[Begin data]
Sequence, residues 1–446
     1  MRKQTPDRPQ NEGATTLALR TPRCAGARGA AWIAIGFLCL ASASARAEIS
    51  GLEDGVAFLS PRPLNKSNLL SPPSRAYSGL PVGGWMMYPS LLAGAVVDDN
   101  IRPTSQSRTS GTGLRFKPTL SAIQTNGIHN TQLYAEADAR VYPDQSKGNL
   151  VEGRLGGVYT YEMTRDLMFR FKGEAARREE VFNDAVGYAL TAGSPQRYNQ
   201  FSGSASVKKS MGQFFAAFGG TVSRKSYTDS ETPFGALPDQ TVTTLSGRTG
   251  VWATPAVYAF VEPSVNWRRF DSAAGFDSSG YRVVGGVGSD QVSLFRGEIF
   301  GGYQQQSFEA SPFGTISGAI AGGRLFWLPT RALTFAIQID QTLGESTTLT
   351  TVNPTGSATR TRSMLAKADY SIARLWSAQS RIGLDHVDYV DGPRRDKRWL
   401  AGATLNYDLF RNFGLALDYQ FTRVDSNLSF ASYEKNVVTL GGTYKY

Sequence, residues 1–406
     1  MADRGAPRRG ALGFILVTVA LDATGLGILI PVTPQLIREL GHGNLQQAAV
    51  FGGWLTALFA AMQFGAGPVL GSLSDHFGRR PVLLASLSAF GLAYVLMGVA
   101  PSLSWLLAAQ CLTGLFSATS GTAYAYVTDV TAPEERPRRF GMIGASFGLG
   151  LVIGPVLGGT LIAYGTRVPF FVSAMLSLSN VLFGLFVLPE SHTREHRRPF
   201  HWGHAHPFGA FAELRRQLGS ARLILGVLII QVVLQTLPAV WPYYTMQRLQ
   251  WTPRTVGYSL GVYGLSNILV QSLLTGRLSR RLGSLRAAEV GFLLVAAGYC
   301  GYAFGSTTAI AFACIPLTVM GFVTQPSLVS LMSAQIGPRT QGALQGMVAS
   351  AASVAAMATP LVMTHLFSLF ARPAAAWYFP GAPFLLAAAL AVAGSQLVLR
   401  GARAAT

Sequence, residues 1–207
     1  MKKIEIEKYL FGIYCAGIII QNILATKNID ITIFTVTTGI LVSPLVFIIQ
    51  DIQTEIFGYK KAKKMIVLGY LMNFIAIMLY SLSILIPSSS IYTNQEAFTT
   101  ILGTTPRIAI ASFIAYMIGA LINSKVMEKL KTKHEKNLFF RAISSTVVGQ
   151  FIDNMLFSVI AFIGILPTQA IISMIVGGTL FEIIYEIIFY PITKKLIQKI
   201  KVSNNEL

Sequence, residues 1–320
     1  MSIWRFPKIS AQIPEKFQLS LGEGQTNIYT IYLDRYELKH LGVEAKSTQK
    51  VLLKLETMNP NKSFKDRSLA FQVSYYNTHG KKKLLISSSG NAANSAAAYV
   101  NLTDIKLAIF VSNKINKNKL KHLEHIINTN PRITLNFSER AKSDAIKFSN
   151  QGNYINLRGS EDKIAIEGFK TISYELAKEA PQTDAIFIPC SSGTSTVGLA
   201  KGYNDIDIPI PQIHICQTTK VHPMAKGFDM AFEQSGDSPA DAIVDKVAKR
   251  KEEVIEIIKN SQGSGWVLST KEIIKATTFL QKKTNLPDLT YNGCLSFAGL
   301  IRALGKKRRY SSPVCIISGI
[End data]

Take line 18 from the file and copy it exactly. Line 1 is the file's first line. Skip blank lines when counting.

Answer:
   301  GYAFGSTTAI AFACIPLTVM GFVTQPSLVS LMSAQIGPRT QGALQGMVAS